Chapter 4

Roy Osborne
April 2014


The intensity with which James approaches the 4th chapter is an indication of the importance he is trying to convey to his readers.  The contents of this chapter cover the entire range of man’s relationship to God in a few of the important words James chooses to use.  Before examining the verses here, let us take a quick overview of some salient points.

When God created man, He gave him the nature of the other animals He had created, but then He added another nature, which He said was in His own image.  This was a spiritual nature.  The animal nature had no moral sense.  It could not distinguish between right and wrong.  However, the spiritual nature gave to man the ability to love and be loved (as God’s nature was).  It also gave man the ability, and the responsibility, to choose between righteousness and evil.  God was the Creator, and so, was the source of all that was righteous and good.  When He gave man this power of choice, which one must have if he is to have a meaningful love relationship, Adam chose to follow his own way.  Anything other than the will of God cannot be righteous, and so Adam was separated from his Creator.

In this chapter James emphasizes the absolute necessity of using the power of choice, which man’s spirit has, to choose God instead of pleasing his animal nature.  But that is not all.  Man can also be so
self-centered in not having his physical desires satisfied, including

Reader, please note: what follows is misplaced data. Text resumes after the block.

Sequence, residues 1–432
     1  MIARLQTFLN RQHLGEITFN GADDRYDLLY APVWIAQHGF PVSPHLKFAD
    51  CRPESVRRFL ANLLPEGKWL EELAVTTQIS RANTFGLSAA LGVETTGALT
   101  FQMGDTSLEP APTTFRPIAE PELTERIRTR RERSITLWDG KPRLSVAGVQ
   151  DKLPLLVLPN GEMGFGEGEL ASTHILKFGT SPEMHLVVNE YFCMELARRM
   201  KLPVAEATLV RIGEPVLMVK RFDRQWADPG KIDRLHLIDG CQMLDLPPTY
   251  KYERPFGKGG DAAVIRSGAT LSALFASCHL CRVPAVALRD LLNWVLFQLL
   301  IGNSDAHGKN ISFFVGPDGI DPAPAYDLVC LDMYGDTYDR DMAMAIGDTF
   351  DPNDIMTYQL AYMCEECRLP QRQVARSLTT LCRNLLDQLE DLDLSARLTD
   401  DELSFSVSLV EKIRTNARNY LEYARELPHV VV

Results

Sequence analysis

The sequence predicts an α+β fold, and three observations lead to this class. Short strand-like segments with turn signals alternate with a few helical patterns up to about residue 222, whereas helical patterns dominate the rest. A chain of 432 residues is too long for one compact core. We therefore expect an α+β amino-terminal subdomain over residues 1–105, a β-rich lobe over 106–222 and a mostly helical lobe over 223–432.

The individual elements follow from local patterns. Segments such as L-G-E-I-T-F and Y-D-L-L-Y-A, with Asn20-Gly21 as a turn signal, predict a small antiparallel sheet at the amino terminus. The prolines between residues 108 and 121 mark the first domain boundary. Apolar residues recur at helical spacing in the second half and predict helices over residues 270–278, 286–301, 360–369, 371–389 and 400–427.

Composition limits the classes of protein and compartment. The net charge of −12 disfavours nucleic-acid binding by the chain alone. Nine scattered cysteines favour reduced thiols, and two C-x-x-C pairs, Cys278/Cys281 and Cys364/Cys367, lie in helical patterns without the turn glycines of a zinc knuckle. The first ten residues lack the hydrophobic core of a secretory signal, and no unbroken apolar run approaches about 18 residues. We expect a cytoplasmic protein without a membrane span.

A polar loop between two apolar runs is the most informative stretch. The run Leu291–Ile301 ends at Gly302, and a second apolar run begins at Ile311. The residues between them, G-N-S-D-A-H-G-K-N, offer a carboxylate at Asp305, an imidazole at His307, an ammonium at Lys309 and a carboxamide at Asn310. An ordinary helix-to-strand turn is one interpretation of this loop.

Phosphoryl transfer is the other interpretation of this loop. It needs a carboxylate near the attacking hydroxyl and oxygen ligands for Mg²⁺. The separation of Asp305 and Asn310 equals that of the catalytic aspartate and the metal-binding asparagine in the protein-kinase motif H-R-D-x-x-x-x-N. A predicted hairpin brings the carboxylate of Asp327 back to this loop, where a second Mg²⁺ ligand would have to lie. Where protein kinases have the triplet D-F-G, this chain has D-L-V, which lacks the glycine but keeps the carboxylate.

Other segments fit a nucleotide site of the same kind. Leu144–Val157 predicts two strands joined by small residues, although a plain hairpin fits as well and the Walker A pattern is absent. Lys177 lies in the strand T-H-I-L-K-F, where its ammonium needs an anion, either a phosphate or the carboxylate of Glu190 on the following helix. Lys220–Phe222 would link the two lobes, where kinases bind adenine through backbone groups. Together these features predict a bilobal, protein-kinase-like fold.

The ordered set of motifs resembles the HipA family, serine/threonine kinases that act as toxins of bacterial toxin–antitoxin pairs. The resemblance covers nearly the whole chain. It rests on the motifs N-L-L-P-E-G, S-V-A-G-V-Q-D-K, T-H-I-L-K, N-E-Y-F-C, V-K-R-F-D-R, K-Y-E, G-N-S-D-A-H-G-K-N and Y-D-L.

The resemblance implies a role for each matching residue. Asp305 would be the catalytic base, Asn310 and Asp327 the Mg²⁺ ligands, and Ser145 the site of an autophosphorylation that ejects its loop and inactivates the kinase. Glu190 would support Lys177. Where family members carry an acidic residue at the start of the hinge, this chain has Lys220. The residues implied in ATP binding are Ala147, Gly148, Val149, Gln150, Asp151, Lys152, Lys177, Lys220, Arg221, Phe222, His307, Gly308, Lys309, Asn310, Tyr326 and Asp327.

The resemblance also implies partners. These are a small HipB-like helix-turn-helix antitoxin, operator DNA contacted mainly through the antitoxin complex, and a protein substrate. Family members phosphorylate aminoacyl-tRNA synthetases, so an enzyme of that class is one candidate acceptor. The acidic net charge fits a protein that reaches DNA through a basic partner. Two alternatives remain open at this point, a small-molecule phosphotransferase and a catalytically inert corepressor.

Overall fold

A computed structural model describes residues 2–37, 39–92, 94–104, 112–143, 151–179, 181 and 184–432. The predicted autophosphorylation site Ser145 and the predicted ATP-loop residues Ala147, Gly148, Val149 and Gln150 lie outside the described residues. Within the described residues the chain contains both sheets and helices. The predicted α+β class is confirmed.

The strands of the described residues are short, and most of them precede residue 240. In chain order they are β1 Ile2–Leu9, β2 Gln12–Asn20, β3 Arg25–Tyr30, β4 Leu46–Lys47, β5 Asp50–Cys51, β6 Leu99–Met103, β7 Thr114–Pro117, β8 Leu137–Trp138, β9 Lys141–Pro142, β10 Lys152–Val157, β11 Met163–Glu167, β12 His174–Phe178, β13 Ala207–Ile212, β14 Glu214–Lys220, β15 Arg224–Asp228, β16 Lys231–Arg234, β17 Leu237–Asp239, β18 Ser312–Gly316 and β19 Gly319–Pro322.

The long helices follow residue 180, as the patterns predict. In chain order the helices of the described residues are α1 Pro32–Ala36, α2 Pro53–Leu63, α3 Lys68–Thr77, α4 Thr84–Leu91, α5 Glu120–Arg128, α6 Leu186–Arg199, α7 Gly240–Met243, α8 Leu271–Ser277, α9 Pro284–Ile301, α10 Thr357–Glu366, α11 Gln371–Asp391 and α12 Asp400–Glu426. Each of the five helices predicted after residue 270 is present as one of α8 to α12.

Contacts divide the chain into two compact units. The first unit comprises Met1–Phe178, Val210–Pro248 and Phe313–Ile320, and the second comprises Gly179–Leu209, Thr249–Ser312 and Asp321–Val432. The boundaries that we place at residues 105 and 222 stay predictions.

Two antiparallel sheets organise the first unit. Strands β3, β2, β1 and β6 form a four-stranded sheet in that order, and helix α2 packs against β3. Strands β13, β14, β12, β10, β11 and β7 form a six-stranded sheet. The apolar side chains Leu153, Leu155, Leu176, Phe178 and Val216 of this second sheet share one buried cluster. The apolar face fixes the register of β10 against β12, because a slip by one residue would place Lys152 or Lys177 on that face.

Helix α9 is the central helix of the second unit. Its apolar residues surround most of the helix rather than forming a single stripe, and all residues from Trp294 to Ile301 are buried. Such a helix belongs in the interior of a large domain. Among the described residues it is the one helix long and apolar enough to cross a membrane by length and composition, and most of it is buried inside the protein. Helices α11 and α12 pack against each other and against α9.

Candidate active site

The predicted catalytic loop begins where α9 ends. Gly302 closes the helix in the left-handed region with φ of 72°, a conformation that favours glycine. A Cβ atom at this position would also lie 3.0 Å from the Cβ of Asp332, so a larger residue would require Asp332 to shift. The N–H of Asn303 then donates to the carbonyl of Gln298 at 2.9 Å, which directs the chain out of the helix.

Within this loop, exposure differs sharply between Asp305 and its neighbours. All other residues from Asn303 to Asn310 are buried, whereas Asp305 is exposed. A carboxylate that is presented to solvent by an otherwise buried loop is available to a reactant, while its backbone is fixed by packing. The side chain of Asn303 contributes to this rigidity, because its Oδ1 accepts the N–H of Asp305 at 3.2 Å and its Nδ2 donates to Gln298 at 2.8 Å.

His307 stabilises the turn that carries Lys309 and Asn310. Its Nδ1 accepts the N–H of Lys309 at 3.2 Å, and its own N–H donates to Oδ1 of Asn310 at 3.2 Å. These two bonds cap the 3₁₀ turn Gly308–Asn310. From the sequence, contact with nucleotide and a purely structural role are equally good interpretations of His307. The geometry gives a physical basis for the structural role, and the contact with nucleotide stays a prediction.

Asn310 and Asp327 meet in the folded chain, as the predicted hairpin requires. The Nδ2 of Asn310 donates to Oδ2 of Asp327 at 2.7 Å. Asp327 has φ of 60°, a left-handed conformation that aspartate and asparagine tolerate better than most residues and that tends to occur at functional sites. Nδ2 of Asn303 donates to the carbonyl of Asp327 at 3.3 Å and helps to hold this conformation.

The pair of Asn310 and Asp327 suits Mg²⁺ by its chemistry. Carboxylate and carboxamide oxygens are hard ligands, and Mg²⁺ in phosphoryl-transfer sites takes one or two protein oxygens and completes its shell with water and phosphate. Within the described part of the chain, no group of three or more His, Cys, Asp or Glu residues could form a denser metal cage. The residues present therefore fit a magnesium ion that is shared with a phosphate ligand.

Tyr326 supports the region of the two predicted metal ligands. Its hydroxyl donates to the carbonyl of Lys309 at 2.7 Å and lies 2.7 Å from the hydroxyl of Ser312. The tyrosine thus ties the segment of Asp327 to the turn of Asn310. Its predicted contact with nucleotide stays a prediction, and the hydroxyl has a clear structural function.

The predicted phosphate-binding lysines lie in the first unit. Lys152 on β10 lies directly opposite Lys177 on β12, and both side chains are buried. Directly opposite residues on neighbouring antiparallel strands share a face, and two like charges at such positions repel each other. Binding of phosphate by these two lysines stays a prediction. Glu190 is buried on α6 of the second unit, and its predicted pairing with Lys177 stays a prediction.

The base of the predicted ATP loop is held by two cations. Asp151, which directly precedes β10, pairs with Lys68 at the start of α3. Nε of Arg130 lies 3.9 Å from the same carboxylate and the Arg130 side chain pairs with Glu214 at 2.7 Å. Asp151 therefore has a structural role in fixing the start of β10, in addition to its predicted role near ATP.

riches, power, eating, sex, etc., that he turns all love to hate and fights for what he wants.  This leaves God out, and the Old Testament is replete with references to “a jealous God”. 

In the 5th verse, which is difficult to translate and understand, James says the spirit within us leads to envy.  This does not mean
that it makes us envy, but that it causes God’s envy.  This is not the bad kind of envy that we know about.  It means that God loves each of us so much that He wants us to love Him only, for that is the only way we can have peace and live with Him in eternity.  Those who love the world cannot dwell in the peace and joy of Heaven.  James says those who love the world (want to satisfy the animal desires) are enemies of God, who is the author of all righteousness.  In this age, as in every age, our greatest enemy is the tendency of the society around us to choose its own standards of right and wrong, which more often do not agree with the standards of God.  It is the Adam problem all over again.  Every Christian must know that God’s will alone is the definition of what is right and what is wrong, no matter what our peers may think.

We will continue our discussion of this 4th chapter in our next essay.